The Syrian army has reinforced its position outside Damascus in efforts to counter recent opposition gains, as opposition fighters warn travelers that the Damascus International Airport is a "fair target." Fighting around Syria's capital has intensified over the past week, and human rights organizations say the death toll in the 20-month conflict has reached 42,000. U.S. Secretary of State Hillary Clinton said the pressure on President Bashar al-Assad is increasing, and that events on the ground are accelerating. Rami Abdelrahman of the British-based Syrian Observatory for Human Rights said government forces are withdrawing from a variety of areas, but maintained that talk of an endgame is premature. The Syrian army has been bringing in reinforcements to strengthen positions in two southwestern suburbs close to the Mezzeh military airport. Troops are concentrated at the Damascus international airport as opposition fighters have been battling for the surrounding area. The opposition warned civilians and airlines that they would be approaching the airport "at their own risk," thereby declaring it a battle zone. Foreign airlines have suspended all flights to Damascus, and only some Syrian Air flights have gone in and out of the airport in the past few days. Meanwhile, Clinton, Russian Foreign Minister Sergei Lavrov, and U.N. and Arab League peace envoy Lakhdar Brahimi met on Thursday to discuss a political transition for Syria. The Russians have backed Assad as concerns escalate over the prospect of chemical weapons use by the regime. However, they have agreed to pursue "some new, fresh ideas."
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With the violence that broke out in front of the presidential palace in Egypt yesterday, one can no longer describe the constitutional draft produced under the Mohamed Morsi government, as just "flawed." In process, the draft is abysmal. In context, it revises history. In content, it is silent, vague, and problematic. In consequence, it is bloody. It isn't just that Egypt can do better. Ratifying this constitution would reward, and deepen, polarization -- and the goals of the January 25 revolution would be that much further away from being achieved.
The most obvious problems with the constitutional draft are procedural. The process was supposed to deliver a representative constituent assembly, which would produce a consensus-based document that the overwhelming majority of Egyptians would sign up to, and feel invested in. The first assembly was dismissed in April, after the supreme administrative court pointed out members of parliament could not elect themselves onto the assembly, and that the assembly involved too few women, young people, and representatives of minority groups.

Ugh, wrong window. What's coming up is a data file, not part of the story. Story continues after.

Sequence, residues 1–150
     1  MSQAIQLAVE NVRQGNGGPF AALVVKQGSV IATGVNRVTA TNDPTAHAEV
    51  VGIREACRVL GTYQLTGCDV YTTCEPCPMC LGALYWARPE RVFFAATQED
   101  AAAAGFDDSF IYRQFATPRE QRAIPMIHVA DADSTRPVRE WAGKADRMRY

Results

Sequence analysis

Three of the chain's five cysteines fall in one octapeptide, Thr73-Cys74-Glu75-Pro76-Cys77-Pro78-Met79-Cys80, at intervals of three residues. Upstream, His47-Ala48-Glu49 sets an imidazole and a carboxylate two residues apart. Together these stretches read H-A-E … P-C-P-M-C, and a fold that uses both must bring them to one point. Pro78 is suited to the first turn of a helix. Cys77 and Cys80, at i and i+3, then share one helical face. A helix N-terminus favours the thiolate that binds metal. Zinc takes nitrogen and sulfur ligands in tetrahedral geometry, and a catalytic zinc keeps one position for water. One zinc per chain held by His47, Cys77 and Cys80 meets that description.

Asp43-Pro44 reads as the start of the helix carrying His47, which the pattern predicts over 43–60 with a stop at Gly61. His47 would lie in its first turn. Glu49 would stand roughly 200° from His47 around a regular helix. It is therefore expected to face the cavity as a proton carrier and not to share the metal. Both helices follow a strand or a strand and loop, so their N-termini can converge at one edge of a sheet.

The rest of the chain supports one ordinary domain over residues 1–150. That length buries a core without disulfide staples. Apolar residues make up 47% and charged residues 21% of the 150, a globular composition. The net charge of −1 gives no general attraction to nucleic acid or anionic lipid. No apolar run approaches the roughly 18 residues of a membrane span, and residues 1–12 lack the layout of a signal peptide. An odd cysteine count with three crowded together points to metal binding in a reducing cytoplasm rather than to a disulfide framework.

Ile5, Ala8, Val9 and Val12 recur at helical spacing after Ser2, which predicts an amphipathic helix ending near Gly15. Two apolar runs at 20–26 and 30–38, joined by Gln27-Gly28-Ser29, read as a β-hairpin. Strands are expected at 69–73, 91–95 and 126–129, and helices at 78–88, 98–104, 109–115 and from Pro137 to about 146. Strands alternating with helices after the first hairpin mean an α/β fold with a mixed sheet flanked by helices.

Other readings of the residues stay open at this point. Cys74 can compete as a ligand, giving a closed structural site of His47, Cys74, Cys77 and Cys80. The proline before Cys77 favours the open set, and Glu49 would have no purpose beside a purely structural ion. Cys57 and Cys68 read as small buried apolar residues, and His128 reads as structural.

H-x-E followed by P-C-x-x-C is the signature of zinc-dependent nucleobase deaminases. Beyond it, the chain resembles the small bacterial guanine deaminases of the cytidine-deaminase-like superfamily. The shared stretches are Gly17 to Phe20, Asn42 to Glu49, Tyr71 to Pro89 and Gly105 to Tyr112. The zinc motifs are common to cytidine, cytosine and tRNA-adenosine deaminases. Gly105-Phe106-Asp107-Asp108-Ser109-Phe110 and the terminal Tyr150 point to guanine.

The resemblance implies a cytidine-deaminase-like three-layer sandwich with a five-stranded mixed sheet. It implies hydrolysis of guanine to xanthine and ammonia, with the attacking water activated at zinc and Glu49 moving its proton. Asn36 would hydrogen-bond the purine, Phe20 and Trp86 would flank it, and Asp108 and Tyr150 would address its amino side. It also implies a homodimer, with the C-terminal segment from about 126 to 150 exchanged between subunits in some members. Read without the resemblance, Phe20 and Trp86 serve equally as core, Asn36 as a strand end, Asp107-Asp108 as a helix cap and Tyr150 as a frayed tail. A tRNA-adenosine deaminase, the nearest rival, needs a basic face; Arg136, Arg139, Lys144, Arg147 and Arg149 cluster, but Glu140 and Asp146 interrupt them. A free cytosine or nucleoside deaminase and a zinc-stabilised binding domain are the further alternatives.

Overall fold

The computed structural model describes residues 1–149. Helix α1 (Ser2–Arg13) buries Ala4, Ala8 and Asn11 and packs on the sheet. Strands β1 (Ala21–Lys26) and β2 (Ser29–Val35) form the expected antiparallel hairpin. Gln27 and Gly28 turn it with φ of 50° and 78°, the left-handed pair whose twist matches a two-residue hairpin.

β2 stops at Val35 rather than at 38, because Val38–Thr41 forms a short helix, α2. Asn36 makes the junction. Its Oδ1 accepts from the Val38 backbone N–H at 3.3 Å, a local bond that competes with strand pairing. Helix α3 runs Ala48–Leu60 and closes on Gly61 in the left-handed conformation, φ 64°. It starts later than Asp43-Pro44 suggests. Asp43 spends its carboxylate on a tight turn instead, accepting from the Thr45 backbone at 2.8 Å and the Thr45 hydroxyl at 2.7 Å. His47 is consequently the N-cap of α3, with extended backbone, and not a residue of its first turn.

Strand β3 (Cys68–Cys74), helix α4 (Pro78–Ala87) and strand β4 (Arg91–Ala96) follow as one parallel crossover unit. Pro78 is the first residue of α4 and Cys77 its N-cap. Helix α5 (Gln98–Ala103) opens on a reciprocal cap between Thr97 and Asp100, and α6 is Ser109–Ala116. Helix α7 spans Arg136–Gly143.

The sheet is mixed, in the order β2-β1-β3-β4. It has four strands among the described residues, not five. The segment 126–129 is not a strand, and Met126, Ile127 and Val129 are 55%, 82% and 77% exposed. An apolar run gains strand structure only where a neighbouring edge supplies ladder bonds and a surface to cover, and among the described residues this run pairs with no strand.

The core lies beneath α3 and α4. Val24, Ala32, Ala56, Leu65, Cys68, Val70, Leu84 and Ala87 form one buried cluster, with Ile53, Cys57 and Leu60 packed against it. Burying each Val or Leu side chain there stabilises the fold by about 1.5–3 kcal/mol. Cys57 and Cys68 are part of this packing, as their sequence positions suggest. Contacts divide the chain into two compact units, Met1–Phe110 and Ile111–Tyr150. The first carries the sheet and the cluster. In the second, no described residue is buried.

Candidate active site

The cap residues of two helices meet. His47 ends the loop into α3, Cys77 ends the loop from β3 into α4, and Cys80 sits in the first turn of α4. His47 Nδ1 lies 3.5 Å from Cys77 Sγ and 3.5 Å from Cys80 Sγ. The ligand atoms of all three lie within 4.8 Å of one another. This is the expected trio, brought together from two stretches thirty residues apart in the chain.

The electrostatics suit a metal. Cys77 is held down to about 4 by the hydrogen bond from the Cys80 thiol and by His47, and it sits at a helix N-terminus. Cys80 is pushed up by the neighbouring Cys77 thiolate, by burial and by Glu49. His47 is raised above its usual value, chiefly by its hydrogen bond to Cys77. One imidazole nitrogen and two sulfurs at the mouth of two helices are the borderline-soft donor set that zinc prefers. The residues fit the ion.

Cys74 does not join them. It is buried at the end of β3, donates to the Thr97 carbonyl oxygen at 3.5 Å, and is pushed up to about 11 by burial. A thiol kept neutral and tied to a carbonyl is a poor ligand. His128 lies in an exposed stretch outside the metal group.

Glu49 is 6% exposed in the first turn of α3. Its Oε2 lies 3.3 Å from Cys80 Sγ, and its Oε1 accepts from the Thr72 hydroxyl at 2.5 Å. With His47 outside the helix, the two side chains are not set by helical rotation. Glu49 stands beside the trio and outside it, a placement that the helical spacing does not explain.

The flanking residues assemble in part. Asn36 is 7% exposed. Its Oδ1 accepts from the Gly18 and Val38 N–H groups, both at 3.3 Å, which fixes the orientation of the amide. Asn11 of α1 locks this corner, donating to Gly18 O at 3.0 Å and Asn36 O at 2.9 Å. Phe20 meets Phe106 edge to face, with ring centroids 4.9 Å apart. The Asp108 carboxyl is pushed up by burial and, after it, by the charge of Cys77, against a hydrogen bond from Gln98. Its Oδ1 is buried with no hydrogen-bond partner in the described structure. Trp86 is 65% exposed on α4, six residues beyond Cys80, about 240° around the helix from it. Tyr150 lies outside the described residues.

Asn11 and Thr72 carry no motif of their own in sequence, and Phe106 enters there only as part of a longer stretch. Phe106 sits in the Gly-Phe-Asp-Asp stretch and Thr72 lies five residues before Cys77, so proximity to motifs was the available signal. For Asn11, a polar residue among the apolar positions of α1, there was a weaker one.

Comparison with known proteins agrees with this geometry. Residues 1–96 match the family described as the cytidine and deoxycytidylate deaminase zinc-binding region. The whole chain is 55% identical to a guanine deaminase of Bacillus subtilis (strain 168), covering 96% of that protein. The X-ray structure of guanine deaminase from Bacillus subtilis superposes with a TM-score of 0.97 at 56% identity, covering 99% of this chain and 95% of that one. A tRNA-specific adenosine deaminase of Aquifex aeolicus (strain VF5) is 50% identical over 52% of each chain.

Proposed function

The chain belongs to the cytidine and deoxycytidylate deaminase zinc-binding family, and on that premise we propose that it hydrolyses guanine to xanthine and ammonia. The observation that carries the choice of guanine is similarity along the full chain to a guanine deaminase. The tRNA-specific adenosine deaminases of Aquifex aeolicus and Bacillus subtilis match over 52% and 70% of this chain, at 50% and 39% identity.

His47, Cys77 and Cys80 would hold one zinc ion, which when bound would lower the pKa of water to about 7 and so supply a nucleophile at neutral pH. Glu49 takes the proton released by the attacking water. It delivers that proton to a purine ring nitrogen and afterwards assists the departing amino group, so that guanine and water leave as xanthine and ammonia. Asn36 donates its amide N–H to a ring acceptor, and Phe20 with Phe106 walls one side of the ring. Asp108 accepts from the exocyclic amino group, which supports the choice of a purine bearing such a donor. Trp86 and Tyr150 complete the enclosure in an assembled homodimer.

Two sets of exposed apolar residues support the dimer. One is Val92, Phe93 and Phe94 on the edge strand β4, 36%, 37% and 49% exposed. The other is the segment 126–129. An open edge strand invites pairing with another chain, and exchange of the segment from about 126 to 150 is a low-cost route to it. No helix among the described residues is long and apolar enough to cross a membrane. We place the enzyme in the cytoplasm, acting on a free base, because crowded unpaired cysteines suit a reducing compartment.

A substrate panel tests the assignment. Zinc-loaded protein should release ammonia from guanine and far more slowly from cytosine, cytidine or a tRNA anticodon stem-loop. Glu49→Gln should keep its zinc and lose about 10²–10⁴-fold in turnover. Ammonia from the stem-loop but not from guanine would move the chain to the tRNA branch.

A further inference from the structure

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The Egyptian army deployed tanks to the presidential palace overnight to break up protests after violent clashes between supporters of President Mohamed Morsi and opponents killed an estimated five people and injured about 450 others. Egypt's Republican Guard deployed tanks and armored vehicles on Thursday ordering tens of thousands of demonstrators to disperse. The Commander of the Guard, General Mohamed Zaki, said that the forces were deployed to separate rival protesters, not repress the demonstrators. After clashes throughout the night, conditions calmed considerably during the morning, other than a short period of rock throwing between the hundreds of Islamists and dozens of Morsi opponents who remained in front of the palace. Unrest in Egypt was sparked by a November 22 presidential decree expanding Morsi's powers as well as a controversial draft constitution set to come to a referendum on December 15. Clashes also erupted Wednesday in other cities across Egypt; Muslim Brotherhood offices were attacked in Ismailia, Suez, Mahalla, and Cairo. Three of Morsi's advisors resigned on Wednesday over the controversy. Morsi, who has remained relatively silent throughout the recent unrest, is scheduled to address the country on Thursday.
U.S. Secretary of State Hillary Clinton, Russian Foreign Minister Sergei Lavrov and the U.N. and Arab League peace envoy Lakhdar Brahimi are meeting in Dublin, Ireland on Thursday to discuss the conflict in Syria as concerns heighten over chemical weapons. The unscheduled meeting is taking place on the sidelines of a human rights conference. Russia and the United States have bitterly disagreed on courses of action in Syria. Russia has blocked U.N. Security Council resolutions and accuses the United States of interfering in Syrian internal affairs. But the meeting suggests a possible opening for compromise. The meeting comes as concerns increase over the potential use of chemical weapons by the Syrian regime. U.S. intelligence officials have reportedly discovered that Syrian forces have mixed together precursor chemicals for the deadly nerve agent Sarin in small quantities at one or two storage sites. The Syrian government has repeatedly asserted it will not resort to using chemical weapons, blaming Western countries for drumming up fears as a "pretext for intervention." Fighting continued on Wednesday in the suburbs of Damascus, as well as at the Aqraba air base near the Damascus airport, which has remained effectively closed over the past six days. Meanwhile, Germany agreed on Thursday to deploy up to 400 troops and Patriot missiles to the Turkish border in efforts to protect Turkey from a spillover of the conflict.